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Discussion Starter · #1 ·
Has anyone seen a tutorial for DIY jacklines? Which buckles to use and where to get them? And, what kinds of stitches?


For jacklines, this material seems awesome: Mantra MKIII
 

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Bristol 45.5 - AiniA
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You don't need buckles at all. Our jacklines are Wichard polyester webbing with a loop sewn in one end. We go from cleat to cleat and just tie in on like rope (have lots of extra it will slip without multiple turns and hitches.
 
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Discussion Starter · #3 ·
are you aware of a DIY guide. am trying to figure out what is the best way to design it before i order the webbing.
 

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Bristol 45.5 - AiniA
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Something like that. We bought our jacklines with the loop sewn in and it was beautifully done. You could DIY but make sure the thread is really good quality because there are both sun and wetness issues.
 

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You don't need buckles at all. Our jacklines are Wichard polyester webbing with a loop sewn in one end. We go from cleat to cleat and just tie in on like rope (have lots of extra it will slip without multiple turns and hitches.
Can you clarify where you are attaching the end without the loop?
 

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Bristol 45.5 - AiniA
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I just tie off on a aft cleat. I have lots of cleats so i can use one forward and one aft on each side just for the jacklines. I have about 8 extra feet of webbing. I have used a trucker's hitch to get it really tight but in recent years I just pull it as tight as possible before tying it off as you would a halyard with more wraps and hitches since the material is much more slippery than most ropes.
 

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Discussion Starter · #9 ·
Is it better to run two jacklines, one on either side of the boat, from bow to transom? Or, is it better to have run through the center? Is there a way to ensure that one stays on the boat at all times if tied in?

Also, what is the normal length for the tether? Is it made from the same material? With a wichard loop at the end?

Am assuming that one uses a locking carabiner attached to a harness to secure the other end.
 

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We rigged DIY jacklines by re-purposing the wire from our old jib halyards when we went to all-fiber. We ran them them from a padeye at the bow, inside the shrouds, and aft to the car that our running backstays attach to, port & starboard. We added shackles (moused) at the ends. After more than a dozen years, this season we splurged and got a set of the Wichard webbing ones. Attaching them to a car on the toerail (aft) enables us to move the car so they reach, but aren't too tight.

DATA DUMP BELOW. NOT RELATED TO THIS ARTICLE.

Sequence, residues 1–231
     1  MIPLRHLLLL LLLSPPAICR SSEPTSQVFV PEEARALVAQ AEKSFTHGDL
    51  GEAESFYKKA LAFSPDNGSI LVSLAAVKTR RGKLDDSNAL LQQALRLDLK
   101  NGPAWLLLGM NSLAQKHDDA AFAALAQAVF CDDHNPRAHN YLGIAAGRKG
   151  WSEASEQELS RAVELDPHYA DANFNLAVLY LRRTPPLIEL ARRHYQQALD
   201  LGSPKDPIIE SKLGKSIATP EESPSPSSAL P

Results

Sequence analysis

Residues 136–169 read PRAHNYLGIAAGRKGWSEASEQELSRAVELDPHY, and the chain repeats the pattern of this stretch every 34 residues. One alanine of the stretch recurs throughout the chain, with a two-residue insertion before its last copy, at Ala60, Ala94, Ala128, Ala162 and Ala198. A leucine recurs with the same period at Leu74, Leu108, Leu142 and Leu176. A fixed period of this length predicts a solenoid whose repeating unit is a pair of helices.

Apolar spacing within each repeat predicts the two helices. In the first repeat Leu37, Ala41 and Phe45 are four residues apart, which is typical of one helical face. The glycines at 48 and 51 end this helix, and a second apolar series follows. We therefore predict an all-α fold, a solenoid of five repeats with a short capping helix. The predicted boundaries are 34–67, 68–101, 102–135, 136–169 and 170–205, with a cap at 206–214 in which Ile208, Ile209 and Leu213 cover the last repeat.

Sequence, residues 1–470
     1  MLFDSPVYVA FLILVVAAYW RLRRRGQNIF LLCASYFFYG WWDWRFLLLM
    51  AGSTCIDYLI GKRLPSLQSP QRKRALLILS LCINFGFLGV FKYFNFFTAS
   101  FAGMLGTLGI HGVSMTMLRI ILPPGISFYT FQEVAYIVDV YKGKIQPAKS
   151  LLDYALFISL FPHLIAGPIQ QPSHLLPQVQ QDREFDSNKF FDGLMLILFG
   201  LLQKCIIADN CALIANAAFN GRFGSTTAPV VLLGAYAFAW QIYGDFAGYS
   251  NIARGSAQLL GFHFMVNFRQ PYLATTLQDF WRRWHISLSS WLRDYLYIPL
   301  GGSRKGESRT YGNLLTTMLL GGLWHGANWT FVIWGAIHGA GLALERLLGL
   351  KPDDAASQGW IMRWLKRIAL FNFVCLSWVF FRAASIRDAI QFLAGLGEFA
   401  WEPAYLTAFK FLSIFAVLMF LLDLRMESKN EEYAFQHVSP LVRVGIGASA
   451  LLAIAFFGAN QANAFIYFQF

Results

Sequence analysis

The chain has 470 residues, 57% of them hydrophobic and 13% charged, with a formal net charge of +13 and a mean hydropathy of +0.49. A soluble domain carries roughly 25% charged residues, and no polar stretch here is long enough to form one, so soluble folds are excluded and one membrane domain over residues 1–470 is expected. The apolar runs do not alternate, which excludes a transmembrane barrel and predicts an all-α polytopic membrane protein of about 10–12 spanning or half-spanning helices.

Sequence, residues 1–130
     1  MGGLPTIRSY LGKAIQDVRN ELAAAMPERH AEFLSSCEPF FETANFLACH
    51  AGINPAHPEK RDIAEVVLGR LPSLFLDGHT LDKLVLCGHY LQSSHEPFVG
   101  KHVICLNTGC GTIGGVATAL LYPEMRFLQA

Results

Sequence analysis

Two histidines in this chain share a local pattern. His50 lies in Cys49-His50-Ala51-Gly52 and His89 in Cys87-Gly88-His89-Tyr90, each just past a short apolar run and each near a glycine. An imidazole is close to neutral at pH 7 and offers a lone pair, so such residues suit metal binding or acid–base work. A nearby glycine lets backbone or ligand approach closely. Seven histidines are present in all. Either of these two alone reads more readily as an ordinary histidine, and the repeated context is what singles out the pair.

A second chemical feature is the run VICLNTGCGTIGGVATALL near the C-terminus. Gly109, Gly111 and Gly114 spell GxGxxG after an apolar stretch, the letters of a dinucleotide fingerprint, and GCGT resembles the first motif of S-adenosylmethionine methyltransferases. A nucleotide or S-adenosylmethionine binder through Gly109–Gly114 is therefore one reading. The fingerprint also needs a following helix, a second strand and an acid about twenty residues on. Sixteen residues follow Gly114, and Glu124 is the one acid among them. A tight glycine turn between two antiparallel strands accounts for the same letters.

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I do not tie/sew a loop in either end of the lines I have. But the side closest to the cockpit I tie what I believe to be a "water knot" in and around a metal loop. This knot is as strong as sewn loops. The other end is attached to a cleat at the bow.

I will admit, not sure if it meets the ISAF stds at noted in the SA thread. But for me here in the salish sea, where it is nice to have the knowledge if I or crew does loose footing, they will not go far overboard if at all.

The webbing is typical 1" material found at REI in the climbing section. Material I have hung off of rock cliffs, ice crevass's etc. A lot of the sailing fall protection material comes from the climbing side of things. I do a every 2 season replacement of this webbing. Its only about $1 a foot. so pretty cheep on that end of things. May not be as UV/IR resistant as some jacklines at two to three times the cost......

If I was going offshore.......would probably have a slightly different setup, maybe with heavier material that I know meets the ISAF minimums, but for stronger wind, heavier sea days here in puget sound, what I have works.

I do not see any place that has a "jacklines need to be put here" style of rule. Only a general put them so you can be tied in anywhere. It may mean a couple or three lines per side from front to rear, and you will need a harness with 2 clip on attachments, so when going from on to the other, you are not unclipping yourself per say.

Marty
 

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Discussion Starter · #13 · (Edited)
Think I will set up a single jack line from a metal hook aft (Like JackB's picture above). Then I can pass the line through another hook mid-ship and to a hook at the front of the forestay. What is that hook called, Jackb?

This arrangement will allow me to go up port side or starboard. And, if the tether is 5 feet on an 8 foot beam, it should be long enough that I can walk about standing up, and short enough that there is no chance of getting off the boat in heavy weather.

TETHER: Is the tether made of the same webbing and stitched in a similar way. I imagine it hooks in a locking carabiner attached to a harness.
 

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plenty of pics and thoughts over on the tether thread
 
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